CANDELS: The progenitors of compact quiescent galaxies at z~2
Guillermo Barro (1), S. M. Faber (1), Pablo G. Perez-Gonzalez (2), David C. Koo (1), Christina C. Williams (3), Dale D. Kocevski (1), Jonathan R. Trump (1), Mark Mozena (1), Elizabeth McGrath (1), Arjen van der Wel (4), Stijn Wuyts (5), Eric F. Bell (6), Darren J. Croton (7), Avishai Dekel (8), M. L. N. Ashby (9), Henry C. Ferguson (10),Adriano Fontana (11), Mauro Giavalisco (3), Norman A. Grogin (10), Yicheng Guo (3), Nimish P. Hathi (12), Philip F. Hopkins (13), Kuang-Han Huang (10), Anton M. Koekemoer (10), Jeyhan S. Kartaltepe (14), Kyoung-Soo Lee(15), Jeffrey A. Newman (16), Lauren A. Porter (1), Joel R. Primack (1), Russell E. Ryan (10), David Rosario (5),Rachel S. Somerville (10), ((1) UCO/Lick, (2) UCM, (3) Umass, (4) MPIA, (5) MPIE, (6) Michigan, (7) Swinburne, (8) Hebrew University, (9) CfA, (10) STScI, (11) INAF, (12) Carnegie, (13) Berkeley, (14) NOAO, (15) Purdue, (16) Pitt)
(Submitted on 21 Jun 2012)
We combine high-resolution HST/WFC3 images with multi-wavelength photometry to track the evolution of structure and activity of massive (log(M*) > 10) galaxies at redshifts z = 1.4 – 3 in two fields of the Cosmic Assembly Near-infrared Deep Extragalactic Legacy Survey (CANDELS). We detect compact, star-forming galaxies (cSFGs) whose number densities, masses, sizes, and star formation rates qualify them as likely progenitors of compact, quiescent, massive galaxies (cQGs) at z = 1.5 – 3. At z > 2 most cSFGs have specific star-formation rates (sSFR = 10^-9 yr^-1) half that of typical, massive SFGs at the same epoch, and host X-ray luminous AGN 30 times (~30%) more frequently. These properties suggest that cSFGs are formed by gas-rich processes (mergers or disk-instabilities) that induce a compact starburst and feed an AGN, which, in turn, quench the star formation on dynamical timescales (few 10^8 yr). The cSFGs are continuously being formed at z = 2 – 3 and fade to cQGs by z = 1.5. After this epoch, cSFGs are rare, thereby truncating the formation of new cQGs. Meanwhile, down to z = 1, existing cQGs continue to enlarge to match local QGs in size, while less-gas-rich mergers and other secular mechanisms shepherd (larger) SFGs as later arrivals to the red sequence. In summary, we propose two evolutionary scenarios of QG formation: an early (z > 2), fast-formation path of rapidly-quenched cSFGs that evolve into cQGs that later enlarge within the quiescent phase, and a slow, late-arrival (z < 2) path for SFGs to form QGs without passing through a compact state.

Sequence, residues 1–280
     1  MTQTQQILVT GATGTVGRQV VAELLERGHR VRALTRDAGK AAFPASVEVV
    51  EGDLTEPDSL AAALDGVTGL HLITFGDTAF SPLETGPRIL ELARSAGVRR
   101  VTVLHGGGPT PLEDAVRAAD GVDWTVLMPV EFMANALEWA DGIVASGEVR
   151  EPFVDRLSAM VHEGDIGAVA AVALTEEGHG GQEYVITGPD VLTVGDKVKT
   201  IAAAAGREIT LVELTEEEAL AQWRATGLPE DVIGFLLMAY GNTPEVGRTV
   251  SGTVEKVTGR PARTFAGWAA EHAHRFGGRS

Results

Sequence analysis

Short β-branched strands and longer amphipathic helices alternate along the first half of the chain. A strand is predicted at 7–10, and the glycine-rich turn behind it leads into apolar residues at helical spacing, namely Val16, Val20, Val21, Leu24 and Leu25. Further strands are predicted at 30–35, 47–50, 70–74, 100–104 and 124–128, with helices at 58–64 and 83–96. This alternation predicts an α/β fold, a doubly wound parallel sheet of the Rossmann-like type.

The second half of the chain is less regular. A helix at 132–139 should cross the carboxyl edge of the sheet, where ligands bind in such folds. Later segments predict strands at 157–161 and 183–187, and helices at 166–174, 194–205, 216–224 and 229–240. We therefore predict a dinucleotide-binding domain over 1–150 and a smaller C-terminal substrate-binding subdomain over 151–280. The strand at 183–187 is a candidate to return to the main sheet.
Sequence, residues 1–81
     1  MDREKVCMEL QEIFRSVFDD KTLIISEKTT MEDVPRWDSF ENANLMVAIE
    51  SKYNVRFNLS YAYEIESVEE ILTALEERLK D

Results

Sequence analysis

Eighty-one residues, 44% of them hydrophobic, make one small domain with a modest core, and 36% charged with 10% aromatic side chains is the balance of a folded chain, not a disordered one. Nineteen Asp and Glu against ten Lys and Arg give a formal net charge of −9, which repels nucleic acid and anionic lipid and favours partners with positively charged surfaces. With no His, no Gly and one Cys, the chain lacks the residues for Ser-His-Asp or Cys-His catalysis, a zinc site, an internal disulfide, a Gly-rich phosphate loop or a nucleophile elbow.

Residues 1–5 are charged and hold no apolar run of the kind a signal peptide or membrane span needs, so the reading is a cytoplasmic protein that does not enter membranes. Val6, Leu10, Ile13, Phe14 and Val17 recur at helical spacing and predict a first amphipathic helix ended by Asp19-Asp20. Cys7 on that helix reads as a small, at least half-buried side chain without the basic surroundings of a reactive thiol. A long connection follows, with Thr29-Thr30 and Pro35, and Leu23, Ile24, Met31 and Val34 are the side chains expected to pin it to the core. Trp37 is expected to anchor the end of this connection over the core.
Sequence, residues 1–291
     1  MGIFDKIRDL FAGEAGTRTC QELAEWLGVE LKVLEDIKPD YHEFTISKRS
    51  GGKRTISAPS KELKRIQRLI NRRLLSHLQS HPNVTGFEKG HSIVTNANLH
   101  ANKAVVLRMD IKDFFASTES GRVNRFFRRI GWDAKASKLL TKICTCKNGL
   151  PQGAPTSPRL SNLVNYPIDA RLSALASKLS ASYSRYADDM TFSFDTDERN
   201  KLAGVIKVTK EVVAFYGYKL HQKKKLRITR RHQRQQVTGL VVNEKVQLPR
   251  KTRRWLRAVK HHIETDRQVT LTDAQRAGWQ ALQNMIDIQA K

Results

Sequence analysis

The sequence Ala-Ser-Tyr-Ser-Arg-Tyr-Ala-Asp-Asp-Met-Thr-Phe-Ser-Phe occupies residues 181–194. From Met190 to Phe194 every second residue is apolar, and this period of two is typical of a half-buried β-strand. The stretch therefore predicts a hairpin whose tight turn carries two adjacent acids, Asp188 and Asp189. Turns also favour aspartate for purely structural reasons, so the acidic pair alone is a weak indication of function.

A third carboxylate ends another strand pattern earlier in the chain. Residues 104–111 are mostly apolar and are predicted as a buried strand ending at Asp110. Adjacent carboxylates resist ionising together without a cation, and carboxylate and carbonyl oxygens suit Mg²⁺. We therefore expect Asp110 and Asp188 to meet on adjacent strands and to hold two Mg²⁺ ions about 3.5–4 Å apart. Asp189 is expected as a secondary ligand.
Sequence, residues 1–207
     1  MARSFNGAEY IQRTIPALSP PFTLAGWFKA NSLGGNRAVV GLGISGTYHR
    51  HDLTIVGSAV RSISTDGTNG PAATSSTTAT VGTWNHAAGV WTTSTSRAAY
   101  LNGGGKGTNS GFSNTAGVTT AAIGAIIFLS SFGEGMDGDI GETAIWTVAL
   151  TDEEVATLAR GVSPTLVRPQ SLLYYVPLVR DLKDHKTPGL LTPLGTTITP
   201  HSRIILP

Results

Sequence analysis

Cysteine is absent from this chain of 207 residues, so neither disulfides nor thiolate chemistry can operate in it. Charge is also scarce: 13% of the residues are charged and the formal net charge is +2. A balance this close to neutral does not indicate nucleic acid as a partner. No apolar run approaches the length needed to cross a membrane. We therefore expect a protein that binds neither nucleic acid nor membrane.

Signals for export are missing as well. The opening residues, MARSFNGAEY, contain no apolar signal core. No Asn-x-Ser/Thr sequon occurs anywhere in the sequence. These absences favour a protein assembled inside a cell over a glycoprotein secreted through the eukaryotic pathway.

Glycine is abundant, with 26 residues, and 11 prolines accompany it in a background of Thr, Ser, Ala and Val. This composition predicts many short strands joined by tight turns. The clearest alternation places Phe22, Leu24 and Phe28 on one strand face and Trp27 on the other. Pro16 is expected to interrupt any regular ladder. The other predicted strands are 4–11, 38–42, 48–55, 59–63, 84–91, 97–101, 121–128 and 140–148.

|Comments:||Submitted to the Astrophysical Journal Letters, 6 pages, 4 figures|
|Subjects:||Cosmology and Extragalactic Astrophysics (astro-ph.CO)|
|Cite as:||arXiv:1206.5000v1 [astro-ph.CO]|